PHILADELPHIA – Penn Medicine has been selected as one of seven adult field trial sites to test proposed diagnostic criteria for the American Psychiatric Association’s (APA) fifth edition of the Diagnostic and Statistical Manual of Mental Disorders (DSM). Used by health professionals around the world, DSM is the manual that provides descriptions, symptoms and other criteria for diagnosing mental disorders. Penn Medicine is participating in field trials to help assess the practical use of proposed DSM-5 criteria in real-world clinical settings.
“We are honored to be selected as one of the field trial sites,” said Mahendra T. Bhati, MD, assistant professor of Clinical Psychiatry at the University of Pennsylvania School of Medicine, who will lead the field trials at Penn Medicine. According to the APA, the selection process was very competitive; only 11 organizations were chosen from the 65 that submitted proposals to be considered for a field trial site.
Clinicians participating in the field trials will evaluate new and existing patients at different stages of treatment using the proposed DSM-5 diagnostic criteria and measures. Penn Medicine clinicians will focus particularly on proposed updates related to general anxiety disorder, OCD and hoarding, anxious depression, and binge eating disorders, along with general diagnostic criteria for personality disorders.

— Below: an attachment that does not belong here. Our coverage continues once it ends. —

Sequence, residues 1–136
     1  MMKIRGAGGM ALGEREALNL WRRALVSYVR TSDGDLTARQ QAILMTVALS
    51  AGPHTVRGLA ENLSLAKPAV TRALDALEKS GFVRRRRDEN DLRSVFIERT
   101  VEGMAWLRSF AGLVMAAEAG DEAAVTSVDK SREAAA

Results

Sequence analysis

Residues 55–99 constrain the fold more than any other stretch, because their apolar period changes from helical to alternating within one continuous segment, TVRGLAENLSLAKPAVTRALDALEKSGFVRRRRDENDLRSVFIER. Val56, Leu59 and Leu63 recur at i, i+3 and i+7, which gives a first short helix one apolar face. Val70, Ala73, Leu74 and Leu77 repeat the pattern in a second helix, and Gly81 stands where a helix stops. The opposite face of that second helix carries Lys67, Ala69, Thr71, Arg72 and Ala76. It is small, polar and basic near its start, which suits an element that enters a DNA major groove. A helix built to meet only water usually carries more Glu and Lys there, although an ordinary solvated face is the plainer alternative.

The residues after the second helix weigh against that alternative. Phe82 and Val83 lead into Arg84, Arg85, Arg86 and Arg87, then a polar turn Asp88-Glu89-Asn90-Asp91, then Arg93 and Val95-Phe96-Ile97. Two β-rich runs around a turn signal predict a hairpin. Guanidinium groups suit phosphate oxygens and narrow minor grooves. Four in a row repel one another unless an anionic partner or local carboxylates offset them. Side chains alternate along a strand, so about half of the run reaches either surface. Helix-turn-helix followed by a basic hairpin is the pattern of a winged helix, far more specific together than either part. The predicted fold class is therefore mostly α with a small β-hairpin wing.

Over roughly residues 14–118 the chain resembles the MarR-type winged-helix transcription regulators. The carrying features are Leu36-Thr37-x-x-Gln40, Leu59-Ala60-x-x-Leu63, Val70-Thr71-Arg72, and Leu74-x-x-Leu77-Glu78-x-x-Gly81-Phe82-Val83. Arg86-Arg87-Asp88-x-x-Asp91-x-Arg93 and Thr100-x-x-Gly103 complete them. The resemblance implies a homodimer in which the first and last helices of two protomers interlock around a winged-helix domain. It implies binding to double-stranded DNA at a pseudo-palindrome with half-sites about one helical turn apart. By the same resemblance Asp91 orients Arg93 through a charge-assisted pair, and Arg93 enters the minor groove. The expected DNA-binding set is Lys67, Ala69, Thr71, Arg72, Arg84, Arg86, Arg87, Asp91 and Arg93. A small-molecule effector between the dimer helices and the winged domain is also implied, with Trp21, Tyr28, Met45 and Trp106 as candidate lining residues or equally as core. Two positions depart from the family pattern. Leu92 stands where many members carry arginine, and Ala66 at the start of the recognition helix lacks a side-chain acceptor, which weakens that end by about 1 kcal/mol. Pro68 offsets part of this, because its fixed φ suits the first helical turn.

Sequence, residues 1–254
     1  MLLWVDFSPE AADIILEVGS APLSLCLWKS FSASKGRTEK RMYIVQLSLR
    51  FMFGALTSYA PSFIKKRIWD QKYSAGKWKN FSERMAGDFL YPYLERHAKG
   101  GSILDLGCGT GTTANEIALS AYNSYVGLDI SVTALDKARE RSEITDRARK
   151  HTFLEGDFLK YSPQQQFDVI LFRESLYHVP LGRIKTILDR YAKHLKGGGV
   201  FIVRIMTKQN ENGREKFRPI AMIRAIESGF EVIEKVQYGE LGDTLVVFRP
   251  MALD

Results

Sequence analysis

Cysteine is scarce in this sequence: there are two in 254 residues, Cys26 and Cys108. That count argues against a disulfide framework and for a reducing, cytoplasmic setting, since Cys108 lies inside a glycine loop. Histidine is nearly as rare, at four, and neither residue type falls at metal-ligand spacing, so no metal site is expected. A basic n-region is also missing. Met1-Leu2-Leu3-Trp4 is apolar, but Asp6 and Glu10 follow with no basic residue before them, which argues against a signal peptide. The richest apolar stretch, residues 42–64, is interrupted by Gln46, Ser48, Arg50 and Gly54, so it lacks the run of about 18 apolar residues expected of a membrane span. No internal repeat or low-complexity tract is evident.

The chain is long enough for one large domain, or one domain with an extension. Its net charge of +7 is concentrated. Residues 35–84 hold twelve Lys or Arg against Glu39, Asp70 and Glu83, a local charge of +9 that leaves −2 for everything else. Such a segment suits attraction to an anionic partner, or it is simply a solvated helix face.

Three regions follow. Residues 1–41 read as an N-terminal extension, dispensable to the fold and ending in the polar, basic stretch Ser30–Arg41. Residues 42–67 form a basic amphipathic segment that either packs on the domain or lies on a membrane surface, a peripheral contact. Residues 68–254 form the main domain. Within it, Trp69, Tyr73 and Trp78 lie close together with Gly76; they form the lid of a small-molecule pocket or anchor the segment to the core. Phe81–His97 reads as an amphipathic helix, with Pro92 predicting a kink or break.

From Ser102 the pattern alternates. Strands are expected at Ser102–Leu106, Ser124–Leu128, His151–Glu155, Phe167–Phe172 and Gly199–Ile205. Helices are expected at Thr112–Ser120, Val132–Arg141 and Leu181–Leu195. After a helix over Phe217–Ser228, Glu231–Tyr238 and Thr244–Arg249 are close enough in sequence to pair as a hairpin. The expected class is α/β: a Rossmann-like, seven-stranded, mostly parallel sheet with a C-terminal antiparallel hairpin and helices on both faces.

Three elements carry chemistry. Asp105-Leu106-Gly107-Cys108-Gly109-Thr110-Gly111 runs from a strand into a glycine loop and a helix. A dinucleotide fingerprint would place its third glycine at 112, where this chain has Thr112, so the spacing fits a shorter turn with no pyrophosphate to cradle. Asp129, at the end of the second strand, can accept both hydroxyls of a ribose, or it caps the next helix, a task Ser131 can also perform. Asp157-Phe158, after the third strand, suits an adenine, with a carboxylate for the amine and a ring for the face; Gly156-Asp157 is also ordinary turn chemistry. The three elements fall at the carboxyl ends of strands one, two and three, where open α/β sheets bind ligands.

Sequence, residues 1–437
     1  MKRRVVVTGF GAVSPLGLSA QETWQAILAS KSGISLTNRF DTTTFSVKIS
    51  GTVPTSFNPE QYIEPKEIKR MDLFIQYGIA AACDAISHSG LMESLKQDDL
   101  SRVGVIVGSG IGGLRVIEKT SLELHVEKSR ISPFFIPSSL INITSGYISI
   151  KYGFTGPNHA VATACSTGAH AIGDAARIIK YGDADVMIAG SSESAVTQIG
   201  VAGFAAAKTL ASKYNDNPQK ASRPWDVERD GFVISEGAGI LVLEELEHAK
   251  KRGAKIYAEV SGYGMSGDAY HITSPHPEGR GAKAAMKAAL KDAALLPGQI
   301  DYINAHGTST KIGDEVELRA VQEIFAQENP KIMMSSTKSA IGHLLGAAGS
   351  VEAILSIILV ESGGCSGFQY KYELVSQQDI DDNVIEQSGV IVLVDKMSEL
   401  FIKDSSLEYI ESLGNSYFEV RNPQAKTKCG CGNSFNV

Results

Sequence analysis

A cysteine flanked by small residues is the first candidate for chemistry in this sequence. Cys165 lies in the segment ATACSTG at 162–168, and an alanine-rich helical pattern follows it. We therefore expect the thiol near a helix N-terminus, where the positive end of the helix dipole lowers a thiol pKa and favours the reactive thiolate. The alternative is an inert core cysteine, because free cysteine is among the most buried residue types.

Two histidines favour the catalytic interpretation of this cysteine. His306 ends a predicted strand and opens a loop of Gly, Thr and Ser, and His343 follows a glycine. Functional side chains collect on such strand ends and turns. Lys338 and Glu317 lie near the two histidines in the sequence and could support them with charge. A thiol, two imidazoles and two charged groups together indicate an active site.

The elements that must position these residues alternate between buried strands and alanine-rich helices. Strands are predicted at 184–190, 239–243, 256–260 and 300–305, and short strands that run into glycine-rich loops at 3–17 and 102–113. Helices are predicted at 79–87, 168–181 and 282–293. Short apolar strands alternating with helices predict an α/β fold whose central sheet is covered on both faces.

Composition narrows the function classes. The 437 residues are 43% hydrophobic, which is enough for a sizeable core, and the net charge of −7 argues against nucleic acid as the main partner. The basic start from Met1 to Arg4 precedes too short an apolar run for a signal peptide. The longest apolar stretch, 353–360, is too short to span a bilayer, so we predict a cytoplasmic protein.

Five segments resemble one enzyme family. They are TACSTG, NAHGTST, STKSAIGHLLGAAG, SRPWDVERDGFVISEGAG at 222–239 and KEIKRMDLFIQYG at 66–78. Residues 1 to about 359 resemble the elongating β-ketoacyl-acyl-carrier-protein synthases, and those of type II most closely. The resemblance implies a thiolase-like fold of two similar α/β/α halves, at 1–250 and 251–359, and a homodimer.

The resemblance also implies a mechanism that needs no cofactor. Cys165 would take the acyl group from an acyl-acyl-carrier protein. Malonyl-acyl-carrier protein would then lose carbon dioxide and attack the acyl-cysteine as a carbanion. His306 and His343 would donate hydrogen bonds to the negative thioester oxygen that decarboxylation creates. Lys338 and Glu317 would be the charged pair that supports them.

The field trial design will address several important aspects of the proposed diagnostic criteria, including:
- Feasibility: are the proposed criteria easy for clinicians to understand and to use?
- Clinical Utility: do the proposed criteria do a good job in describing patients’ psychiatric problems and help clinicians make decisions about treatment plans?
- Reliability: are the same conclusions reached consistently when the criteria are used by different clinicians?
- Validity: how accurately do the diagnostic criteria reflect the mental disorders they are designed to describe?
In addition, the field trials will test new tools that help clinicians evaluate the severity of symptoms and measure whether patients are improving over time, such as “cross-cutting dimensional assessments,” to measure symptoms that occur across a wide range of diagnoses (i.e. sleep problems).
“Psychiatrists at Penn Medicine demonstrate the highest level of expertise in mental health research and clinical care,” said David Kupfer, MD, chair of the DSM-5 Task Force. “This field trial research is a part of a critical phase in development of DSM-5 and will give us the information we need to better understand how the proposed revisions affect clinicians’ practices and, most importantly, patient care.”
The field trials follow a public comment period in which more than 8,000 written comments on the draft diagnostic criteria were submitted to the DSM-5 web site by clinicians, researchers and family and patient advocates. Submitted comments were reviewed by DSM-5 Work Groups and resulted in further refinement of the criteria. The field trial results will help improve the criteria and provide invaluable information for DSM-5, to be released in May 2013.
More information on all of the participating field trial sites and the specific disorders being tested is available on www.dsm5.org.